Have you ever thought about how an inanimate object or animals can hold something like luck? Here are the historical stories behind some of the most popular good luck charms:
Horseshoes. The practice of hanging up horseshoes came from Saint Dunstan, a historical blacksmith who was commanded by the Devil to put horseshoes on his horse. Instead Dunstan, not wanting to obey the Devil, nailed the horseshoe to the Devil’s foot instead. The Devil was in so much pain, but Dunstan did nothing to remove the horseshoe, thus relieving the Devil’s pain. The Devil then declared that he would never enter a home or building with a horseshoe hanging over the front door. Therefore, you see some people hanging horseshoes over their doors.
Four-leaf clovers. There are various reasons why these unique plants are deemed as fortunate. For one, their rarity makes them more valuable (almost one in 10,000!). These are an old Irish symbol of luck that led the Celts to believe that they could see fairies and avoid any mischief that those fairies brought. The mischievous acts of these fairies were thought to be a source of bad luck. Also, the four leaves were believed to represent faith, love, hope, and luck. Other beliefs claim that the four leaves represented fame, wealth, health, and faithful love.
Elephants are quite admirable creatures. They are highly intelligent with a great memory, capable of showing compassion and expressing grief, and are great at using tools. Why do they carry a reputation of good fortune? Elephants are known to represent strength, power, wisdom, and stability. Many cultures, especially Asian, practice placing small elephant statues or pictures next to the front door of their homes to bring good luck into the house. Also, many Asian business owners place elephant statues near the office entrance to provide stability and wisdom for the company and to attract success. Lastly, some people place two small elephant statues in the entrance hall of their home to bring longevity, success, and knowledge throughout the household.
Lucky dice became popularized during World War II where fighter pilots would go on missions with narrow odds of returning home. To increase their chances of a safe mission and return, they would bring lucky charms along with them on their flight, such as cards and dice. From this era, fuzzy dice were marketed in the late 1950s by hanging them on rearview mirrors and became a fuzzy fad. Dice also became a symbol of luck due to the amount of dice rolled in a game of chance. Maybe one may win by rolling a lucky 7…!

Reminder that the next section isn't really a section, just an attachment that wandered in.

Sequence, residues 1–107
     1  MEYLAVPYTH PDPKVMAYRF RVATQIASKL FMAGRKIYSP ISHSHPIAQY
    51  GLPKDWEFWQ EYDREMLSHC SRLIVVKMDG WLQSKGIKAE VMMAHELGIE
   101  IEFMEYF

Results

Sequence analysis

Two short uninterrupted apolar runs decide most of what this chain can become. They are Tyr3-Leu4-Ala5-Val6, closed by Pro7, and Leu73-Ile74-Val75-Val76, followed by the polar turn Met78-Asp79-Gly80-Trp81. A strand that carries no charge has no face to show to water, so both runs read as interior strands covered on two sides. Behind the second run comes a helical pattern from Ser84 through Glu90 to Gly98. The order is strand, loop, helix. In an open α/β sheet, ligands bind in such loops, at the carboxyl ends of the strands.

The number 7 has always held special meanings throughout history. It has always been associated with luck, perfection, completion, and knowledge. There are several good occurrences when this number uniquely shows up: seven days in a week; seven colors in a rainbow; and seven being the winning roll when playing with dice.
Ladybug. These adorable insects have been looked upon as lucky over the years by many different cultures. Some cultures claim that if a ladybug lands on your hand without you brushing it off, it will bring good fortune in your life. Other cultures say that if a ladybug is spotted by both a man and woman at the same time, they will fall in love! Belgians believed if a ladybug crawled across a single woman’s hand, she would get married soon. Farmers also saw ladybugs as a sign of fortune when they were spotted crawling over their crops, because that meant a plentiful harvest was on its way. It is also believed that the deeper their color is, and the more spots they have, the more luck they will bring!
Whether you believe in lucky charms or not, it’s always enjoyable and enlightening to plow the ground and explore the seeds that brought forth these beliefs. Happy St. Patrick’s Day!